Mouse model for testing of binding of chondroitin sulfate to damaged bladders

BALB/c mice (Charles River Laboratories) mice were anesthetized with xylazine (1 mg/100 g body weight) followed in 15 minutes by ketamine (12 mg/100 g body weight). After 15 minutes the animals were catheterized with a 24 gauge × ¾ inch intravenous catheter (Terumo Medical). Any urine in the bladder was removed, and the bladder was washed out by 2 cycles of instilling and removing 150 μL phosphate buffered saline (0.010 M phosphate) (PBS). To avoid overdistension, no more than 150μL of solution was ever instilled. The bladder was damaged with 10 mM HCl in water for 10 minutes followed by washes with 150 μL of 150 mM NaHCO3 and PBS. The bladder was instilled with 150 μL of 20mg/mL TR-labeled chondroitin sulfate at pH 8.0, 6.5 or 5.0 which was allowed to remain in the bladder for 1 hour. The bladder was washed with PBS, and the animal immediately euthanized. The bladder was removed and filled with OCT compound in order to inflate it fully. The bladder was then embedded in additional OCT, frozen at -20°C and cut into 5 μm sections, which were mounted on slides. The bladder sections were fixed onto the slide with acetone, washed to remove OCT, and counterstained with 10 μM Hoechst 33258 in PBS to show nuclei. Sections were stained with Alcian Blue as described previously.18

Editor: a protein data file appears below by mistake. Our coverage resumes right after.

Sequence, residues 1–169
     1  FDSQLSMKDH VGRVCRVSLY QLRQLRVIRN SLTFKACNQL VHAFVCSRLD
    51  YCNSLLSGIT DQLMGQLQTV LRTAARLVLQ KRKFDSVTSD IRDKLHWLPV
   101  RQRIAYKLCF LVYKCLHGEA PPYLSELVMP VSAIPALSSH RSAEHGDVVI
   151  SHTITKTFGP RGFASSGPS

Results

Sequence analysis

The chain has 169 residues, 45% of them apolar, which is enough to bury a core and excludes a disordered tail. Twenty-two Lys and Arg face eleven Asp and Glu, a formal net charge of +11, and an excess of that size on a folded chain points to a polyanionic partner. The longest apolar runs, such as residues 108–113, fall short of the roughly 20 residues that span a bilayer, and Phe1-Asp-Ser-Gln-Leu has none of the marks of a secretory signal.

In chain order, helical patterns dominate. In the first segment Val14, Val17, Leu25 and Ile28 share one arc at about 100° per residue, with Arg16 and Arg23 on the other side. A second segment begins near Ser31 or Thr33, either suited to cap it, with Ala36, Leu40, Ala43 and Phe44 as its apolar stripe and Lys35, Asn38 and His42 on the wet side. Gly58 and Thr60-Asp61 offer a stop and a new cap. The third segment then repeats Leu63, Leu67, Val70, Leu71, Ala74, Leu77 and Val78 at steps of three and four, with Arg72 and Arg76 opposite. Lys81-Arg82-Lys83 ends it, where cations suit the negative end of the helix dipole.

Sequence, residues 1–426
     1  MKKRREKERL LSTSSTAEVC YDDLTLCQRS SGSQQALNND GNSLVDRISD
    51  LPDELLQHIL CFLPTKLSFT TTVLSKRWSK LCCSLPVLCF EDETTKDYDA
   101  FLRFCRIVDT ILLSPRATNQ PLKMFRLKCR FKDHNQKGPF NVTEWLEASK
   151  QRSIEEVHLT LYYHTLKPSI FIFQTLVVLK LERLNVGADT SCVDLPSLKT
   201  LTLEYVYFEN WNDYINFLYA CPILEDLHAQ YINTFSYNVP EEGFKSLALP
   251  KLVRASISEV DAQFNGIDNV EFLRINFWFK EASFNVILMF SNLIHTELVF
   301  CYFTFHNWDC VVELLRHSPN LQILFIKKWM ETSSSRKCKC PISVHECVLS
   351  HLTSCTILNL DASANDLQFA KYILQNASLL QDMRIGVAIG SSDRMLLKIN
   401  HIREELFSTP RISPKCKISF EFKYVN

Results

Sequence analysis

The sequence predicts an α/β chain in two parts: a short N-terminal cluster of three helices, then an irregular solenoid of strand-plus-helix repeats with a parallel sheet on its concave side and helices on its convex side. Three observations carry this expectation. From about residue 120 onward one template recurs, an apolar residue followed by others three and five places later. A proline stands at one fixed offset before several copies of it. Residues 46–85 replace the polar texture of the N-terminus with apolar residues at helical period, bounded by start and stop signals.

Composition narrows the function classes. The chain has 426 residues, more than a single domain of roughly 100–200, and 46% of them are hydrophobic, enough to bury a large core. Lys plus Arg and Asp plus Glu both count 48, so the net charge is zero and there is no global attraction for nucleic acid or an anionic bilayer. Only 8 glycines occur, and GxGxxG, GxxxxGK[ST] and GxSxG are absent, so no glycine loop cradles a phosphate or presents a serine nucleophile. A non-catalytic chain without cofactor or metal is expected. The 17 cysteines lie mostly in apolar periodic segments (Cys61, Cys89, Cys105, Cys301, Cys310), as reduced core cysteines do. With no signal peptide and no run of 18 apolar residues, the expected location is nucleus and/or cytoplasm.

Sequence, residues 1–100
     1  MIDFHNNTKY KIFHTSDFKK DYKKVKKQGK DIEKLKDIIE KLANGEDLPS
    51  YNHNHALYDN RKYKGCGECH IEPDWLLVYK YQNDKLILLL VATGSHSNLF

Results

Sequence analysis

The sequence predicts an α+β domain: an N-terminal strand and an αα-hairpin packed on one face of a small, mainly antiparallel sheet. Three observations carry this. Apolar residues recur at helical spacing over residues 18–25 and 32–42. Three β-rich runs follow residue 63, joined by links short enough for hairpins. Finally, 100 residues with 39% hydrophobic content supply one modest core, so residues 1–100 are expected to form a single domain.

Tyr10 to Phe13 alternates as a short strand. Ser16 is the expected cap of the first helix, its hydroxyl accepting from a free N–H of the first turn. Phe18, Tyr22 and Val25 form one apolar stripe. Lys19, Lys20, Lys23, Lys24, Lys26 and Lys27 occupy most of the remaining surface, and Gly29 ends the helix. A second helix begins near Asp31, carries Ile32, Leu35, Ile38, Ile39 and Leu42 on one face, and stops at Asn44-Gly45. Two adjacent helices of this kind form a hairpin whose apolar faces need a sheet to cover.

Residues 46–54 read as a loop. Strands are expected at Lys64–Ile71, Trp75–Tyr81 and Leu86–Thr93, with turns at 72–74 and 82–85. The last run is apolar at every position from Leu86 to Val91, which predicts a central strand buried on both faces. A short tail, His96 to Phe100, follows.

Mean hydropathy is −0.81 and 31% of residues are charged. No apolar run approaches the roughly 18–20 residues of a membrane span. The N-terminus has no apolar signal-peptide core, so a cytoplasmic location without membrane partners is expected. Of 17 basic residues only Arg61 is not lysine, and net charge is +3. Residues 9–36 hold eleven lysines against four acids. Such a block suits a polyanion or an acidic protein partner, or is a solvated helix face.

Measurement and Standardization of Fluorescence